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How Customer Concentration Can Affect the Sale of a Business

How to sell a business with customer concentration concerns

If planning on selling your business in the future, you want to make sure you’re expanding your client / customer base as much as possible in the present moment. Customer concentration issues can not only affect your final sales price but terms.

Relying too much on just a few clients is a risky proposition for business owners as you are tying up most of your revenue streams among just a few sources.

As a business owner, you want to begin working on diversifying your client base as soon as possible. Growing your customer base will also help improve sales, while reducing risk on the current operation of your business – two things that will help you sell your business for a better price, and put more money in your pocket in the time being.

 

Customer Concentration and Risk for Buyers

In order to understand how customer concentration can affect the sale of a business, take a look at the situation from the point of view of a buyer. Imagine for instance you’re a buyer looking at a business worth $1 million dollars, with $500,000 in owner’s benefit (SDE). Now let’s say that $500,000 comes from two major customers.

How confident would you be moving forward to purchase this business? What if there were no long-term contracts in place, and one of the customers decides to take their business elsewhere? In that case, you’ll be taking home $250,000, and the business will now be worth $500,000 instead of the million it was worth prior to that customer leaving.

A big risk for buyers!

 

Assurances Buyers Will Want When Purchasing a Business with Customer Concentration Issues

If currently selling a business where just a few customers make up the majority of your revenue, the following can help appease many buyers’ concerns:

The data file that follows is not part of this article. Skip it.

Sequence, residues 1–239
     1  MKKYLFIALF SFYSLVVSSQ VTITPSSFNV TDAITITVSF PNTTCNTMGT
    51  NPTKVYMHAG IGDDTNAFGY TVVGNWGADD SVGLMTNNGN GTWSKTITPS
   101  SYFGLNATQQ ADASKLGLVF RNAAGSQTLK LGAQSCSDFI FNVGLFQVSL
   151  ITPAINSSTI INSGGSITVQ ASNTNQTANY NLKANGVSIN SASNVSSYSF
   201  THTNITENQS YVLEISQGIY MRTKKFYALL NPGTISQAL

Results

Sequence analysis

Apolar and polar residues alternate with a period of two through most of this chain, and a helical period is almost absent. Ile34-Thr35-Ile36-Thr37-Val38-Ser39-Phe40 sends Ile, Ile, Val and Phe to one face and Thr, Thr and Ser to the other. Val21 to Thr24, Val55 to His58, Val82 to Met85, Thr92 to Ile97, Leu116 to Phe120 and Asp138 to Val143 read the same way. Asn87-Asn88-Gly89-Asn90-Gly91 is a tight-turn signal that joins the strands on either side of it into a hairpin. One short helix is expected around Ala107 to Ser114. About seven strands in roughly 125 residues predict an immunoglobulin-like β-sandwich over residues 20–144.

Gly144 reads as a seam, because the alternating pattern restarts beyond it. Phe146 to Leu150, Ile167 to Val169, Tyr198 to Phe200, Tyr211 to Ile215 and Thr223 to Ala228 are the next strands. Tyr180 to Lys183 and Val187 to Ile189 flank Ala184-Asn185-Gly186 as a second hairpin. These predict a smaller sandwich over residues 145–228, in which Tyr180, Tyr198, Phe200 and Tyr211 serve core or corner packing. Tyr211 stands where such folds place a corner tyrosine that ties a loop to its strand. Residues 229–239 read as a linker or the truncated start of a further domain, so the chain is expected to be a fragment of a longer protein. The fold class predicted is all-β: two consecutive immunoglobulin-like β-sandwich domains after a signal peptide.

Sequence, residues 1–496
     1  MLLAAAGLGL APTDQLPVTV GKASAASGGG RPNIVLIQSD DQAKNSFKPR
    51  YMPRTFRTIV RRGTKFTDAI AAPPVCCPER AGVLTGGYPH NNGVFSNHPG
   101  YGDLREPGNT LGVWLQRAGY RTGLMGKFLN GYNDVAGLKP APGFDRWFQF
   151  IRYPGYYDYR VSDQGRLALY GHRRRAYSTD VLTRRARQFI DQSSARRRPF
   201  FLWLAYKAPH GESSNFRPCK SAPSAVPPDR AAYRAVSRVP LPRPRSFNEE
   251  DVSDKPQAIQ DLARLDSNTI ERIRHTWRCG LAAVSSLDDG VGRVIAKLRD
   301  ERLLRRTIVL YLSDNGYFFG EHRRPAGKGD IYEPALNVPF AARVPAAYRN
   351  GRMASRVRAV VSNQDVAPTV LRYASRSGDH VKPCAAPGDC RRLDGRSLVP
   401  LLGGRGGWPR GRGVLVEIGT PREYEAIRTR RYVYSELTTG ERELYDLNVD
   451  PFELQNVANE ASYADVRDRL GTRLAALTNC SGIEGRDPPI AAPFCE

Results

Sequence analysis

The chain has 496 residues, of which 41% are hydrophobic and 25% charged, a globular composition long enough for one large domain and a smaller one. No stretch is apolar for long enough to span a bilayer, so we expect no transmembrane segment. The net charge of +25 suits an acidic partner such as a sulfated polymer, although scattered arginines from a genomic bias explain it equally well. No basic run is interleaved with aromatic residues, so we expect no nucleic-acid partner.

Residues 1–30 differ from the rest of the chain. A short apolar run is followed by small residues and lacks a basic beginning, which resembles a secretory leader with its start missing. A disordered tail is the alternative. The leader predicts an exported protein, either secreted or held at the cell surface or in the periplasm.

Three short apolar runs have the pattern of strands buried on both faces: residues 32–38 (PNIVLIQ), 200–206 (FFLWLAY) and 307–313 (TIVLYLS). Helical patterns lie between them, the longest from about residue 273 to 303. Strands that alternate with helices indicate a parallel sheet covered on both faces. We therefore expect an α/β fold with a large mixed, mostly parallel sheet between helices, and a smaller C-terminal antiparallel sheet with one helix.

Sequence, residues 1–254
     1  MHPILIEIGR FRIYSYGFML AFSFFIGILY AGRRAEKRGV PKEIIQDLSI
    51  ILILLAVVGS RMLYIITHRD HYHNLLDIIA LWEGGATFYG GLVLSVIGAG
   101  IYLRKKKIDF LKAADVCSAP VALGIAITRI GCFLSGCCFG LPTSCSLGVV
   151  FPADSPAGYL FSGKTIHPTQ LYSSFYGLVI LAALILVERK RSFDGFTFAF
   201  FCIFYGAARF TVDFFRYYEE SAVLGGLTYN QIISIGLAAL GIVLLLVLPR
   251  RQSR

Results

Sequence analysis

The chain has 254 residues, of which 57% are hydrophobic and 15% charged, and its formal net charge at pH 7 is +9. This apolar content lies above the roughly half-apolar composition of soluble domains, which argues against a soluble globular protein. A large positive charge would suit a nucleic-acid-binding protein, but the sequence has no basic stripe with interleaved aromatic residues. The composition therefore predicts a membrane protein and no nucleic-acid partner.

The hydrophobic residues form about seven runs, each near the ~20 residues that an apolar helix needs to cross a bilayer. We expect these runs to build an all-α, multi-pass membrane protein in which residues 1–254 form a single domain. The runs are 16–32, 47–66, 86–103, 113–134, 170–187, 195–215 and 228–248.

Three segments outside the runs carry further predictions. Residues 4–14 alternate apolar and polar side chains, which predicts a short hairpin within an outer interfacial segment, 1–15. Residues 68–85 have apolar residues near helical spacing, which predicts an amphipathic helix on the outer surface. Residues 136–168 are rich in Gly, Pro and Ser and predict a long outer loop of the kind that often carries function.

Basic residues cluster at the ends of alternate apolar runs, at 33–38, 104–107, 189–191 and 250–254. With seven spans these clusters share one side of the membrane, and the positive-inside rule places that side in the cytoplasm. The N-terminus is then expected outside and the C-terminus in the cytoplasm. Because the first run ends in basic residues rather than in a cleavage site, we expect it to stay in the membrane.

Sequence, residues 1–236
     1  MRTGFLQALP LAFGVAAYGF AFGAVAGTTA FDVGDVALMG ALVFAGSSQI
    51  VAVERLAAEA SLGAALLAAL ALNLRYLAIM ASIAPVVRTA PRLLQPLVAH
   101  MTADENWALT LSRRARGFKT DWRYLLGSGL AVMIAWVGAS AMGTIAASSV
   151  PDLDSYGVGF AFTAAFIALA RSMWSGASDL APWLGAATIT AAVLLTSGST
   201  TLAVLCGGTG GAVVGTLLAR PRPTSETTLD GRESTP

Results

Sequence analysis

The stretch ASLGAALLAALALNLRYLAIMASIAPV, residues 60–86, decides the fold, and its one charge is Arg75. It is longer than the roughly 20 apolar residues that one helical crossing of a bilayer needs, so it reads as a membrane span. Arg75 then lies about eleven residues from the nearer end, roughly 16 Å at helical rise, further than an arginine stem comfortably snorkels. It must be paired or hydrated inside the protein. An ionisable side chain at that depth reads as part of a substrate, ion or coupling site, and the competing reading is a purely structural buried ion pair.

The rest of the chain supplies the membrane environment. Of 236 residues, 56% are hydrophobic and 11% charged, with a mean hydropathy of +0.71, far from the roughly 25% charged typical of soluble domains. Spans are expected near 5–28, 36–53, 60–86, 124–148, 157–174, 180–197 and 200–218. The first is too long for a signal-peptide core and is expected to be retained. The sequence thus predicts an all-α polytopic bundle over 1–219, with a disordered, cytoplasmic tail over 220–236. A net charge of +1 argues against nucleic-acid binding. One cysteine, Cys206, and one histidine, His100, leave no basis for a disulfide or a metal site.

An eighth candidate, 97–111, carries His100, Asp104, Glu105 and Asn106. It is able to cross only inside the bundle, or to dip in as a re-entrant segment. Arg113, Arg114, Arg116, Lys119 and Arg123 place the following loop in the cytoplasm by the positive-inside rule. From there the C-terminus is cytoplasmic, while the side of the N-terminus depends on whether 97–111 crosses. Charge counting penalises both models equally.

Seller financing – Depending on how concentrated the customer breakdown is, buyers will look for different levels of seller financing, to ensure that you still have some “skin in the game” and share some of the risk along with the buyer. For instance, if a business has two major clients, buyers may look for up to 50% seller financing! With less concentration – let’s say five major clients – buyers may look for less seller financing; 20% for example.

An earn-out, where payments are made if the business continues to hit expected goals in the future, is another option to help ease buyers’ concerns when purchasing your business.

Long-term contracts in place – If your clients have long-term contracts in place that will ensure they will stay with the business for an extended amount of time into the future, that can appease much of the buyers concerns, and reduce any financial impact the situation may have on the business’s salability.

Sizable discount on price – Some buyers may be willing to shoulder more risk than others, and a discount may be enough to put them at ease. The size of this discount generally depends on the level of concentration present in the business.

 

Growing Your Customer Base Makes For a Much More “Sellable” Business

As a business owner, keep these points in mind. For the current and future success of your business. Expanding your customer base will reduce risk, increase sales, and help your business sell easier and for a better price point (with better terms) when it comes time to sell.

For a business valuation, see here!

 

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